LAST WEEK Tony Abbott announced that if elected to government, the Coalition would offer a financial incentive to employers who recruit and retain older workers for a minimum of six months. Under the scheme, an employer taking on a worker aged over 50 who is on a pension or other government benefit will receive a lump-sum payment of $3250 at the end of six months’ employment. On the surface, this seems like a good deal for mature age workers having difficulty finding jobs. But what does the evidence tell us?
Many industrialised countries, worried about the cost of rapidly ageing populations, are introducing schemes aimed at supporting the labour market reintegration of older workers. These recognise that older workers face a range of barriers such as a lack of skills currency and low self-esteem, particularly the many who have been out of work for extended periods. Studies over several decades have pointed to rampant age discrimination in labour markets.
But do we help older workers by devising specific schemes for them? The answer is probably not. Chronological age is of limited value in determining the employment-related needs of an individual, and public programs that use age as a selection criterion may send the wrong message to both employers and older workers. Such an approach is clearly simplistic, definitions such as “older worker” being almost entirely arbitrary. Campaign groups have frequently argued for special schemes for unemployed older workers, but it is usually difficult to see much in these that would not be equally applicable to people of all ages.
Offering a cash incentive to employers who recruit older workers is not a new idea. Similar programs have been tried, with limited success in a number of countries. Employers have not taken up the incentives offered to any substantial degree. Unfortunately the signal sent is that mature age workers have such work-limiting issues that the only way they can be employed is if the government pays someone to do it. The evidence is that finding willing employers is often difficult, except in the case of “younger” older workers and those who are most qualified, who would be more likely to have found a job anyway. Often, jobs do not last after an incentive scheme ends. On the other hand, there is some evidence that incentives that are paid directly to the worker may encourage job take-up. However, such jobs are often at the lower pay and skill ends of the spectrum and seem not to help jobless older workers back on to the career ladder in the long term.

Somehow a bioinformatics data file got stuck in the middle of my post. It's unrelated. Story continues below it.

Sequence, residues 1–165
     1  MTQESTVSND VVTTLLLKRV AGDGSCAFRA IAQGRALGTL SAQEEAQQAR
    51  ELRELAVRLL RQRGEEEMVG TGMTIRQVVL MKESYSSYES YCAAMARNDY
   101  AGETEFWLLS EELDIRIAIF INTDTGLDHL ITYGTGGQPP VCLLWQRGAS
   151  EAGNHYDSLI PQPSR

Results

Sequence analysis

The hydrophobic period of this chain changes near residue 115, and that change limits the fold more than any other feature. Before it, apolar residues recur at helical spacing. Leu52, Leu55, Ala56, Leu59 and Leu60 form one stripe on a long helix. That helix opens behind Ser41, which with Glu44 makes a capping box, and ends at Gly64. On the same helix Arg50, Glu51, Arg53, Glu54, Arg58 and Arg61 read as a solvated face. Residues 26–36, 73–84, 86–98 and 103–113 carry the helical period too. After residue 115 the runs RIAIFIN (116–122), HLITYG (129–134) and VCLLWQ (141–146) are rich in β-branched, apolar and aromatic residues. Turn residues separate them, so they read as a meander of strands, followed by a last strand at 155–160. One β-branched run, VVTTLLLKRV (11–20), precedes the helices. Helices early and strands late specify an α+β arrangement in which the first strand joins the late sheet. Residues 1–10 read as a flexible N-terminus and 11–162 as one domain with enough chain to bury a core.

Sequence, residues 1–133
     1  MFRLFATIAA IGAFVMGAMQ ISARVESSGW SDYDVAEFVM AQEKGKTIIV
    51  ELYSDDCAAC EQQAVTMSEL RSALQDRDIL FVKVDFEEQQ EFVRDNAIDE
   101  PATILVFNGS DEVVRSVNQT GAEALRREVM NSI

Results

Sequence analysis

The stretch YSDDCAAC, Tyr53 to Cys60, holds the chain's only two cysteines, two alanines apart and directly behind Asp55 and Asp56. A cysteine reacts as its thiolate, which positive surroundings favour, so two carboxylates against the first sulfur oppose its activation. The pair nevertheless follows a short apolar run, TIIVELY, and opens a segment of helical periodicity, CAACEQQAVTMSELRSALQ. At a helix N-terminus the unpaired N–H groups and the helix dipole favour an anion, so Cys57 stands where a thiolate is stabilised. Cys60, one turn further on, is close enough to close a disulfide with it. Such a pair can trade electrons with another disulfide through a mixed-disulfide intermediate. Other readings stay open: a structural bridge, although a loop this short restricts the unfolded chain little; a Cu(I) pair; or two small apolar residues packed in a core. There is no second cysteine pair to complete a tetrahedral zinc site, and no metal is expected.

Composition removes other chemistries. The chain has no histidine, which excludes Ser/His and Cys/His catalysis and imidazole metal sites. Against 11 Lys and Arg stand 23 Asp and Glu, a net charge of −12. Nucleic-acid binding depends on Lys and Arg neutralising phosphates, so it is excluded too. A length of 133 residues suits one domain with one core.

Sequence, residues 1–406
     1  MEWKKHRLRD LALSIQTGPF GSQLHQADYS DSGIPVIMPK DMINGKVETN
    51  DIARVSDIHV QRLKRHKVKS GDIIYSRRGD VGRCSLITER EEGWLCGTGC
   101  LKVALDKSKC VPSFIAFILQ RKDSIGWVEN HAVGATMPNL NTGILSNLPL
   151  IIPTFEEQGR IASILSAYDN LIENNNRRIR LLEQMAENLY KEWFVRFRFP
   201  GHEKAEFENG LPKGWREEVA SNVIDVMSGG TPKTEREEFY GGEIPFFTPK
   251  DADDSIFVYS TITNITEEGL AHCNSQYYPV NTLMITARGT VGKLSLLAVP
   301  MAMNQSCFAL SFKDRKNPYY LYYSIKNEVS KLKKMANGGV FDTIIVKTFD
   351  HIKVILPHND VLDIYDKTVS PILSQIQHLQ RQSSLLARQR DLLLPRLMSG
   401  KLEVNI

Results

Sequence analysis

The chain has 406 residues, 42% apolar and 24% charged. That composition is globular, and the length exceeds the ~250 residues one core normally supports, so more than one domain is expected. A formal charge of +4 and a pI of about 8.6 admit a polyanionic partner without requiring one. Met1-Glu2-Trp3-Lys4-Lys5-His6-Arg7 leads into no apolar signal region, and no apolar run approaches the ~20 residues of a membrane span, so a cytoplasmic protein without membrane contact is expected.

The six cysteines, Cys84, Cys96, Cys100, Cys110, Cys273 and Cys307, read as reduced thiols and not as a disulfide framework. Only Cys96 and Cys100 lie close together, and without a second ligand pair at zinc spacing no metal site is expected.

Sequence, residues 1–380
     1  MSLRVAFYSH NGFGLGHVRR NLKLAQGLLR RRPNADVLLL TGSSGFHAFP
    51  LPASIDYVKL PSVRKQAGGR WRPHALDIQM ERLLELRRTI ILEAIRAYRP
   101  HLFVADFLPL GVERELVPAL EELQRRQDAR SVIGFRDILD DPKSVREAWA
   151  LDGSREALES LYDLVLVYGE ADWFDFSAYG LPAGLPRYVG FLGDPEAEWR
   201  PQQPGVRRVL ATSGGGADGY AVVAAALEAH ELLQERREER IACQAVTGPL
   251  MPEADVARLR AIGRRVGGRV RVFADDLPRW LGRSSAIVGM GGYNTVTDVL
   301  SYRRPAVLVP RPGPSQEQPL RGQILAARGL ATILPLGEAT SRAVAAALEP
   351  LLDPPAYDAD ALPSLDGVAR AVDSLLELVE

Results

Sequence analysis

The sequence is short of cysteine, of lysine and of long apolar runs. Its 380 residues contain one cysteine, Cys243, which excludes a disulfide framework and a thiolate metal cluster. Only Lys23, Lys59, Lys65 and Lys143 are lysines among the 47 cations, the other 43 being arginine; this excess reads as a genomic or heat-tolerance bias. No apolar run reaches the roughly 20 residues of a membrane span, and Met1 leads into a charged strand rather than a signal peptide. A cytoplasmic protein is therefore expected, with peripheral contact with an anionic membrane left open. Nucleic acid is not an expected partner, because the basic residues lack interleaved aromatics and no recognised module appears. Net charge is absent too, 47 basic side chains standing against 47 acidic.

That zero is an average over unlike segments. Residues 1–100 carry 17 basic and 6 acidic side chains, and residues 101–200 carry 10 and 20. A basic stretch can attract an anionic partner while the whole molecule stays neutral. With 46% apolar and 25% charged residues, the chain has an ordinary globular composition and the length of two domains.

Incentive schemes as proposed by the Coalition risk deepening age prejudice and institutionalising age discrimination. The particular problems confronting older workers should be acknowledged in terms of service provision, but attention should be paid to the delivery of such services in order to avoid problems of stigmatisation. Targets might be set for the recruitment of older workers on to particular initiatives, but there is no requirement for the establishment of specific schemes. These are, by their very nature, ageist, and can further erode self-confidence by categorising people as “difficult to employ”. The Australian workforce would benefit from a government that offers evidence-based labour market policy. The scheme proposed by the Coalition, while rightly focusing on the issue of mature age employment, would benefit few.
Philip Taylor, Linda Peach and Tia Di Biase are researching issues of mature age employment at Monash University.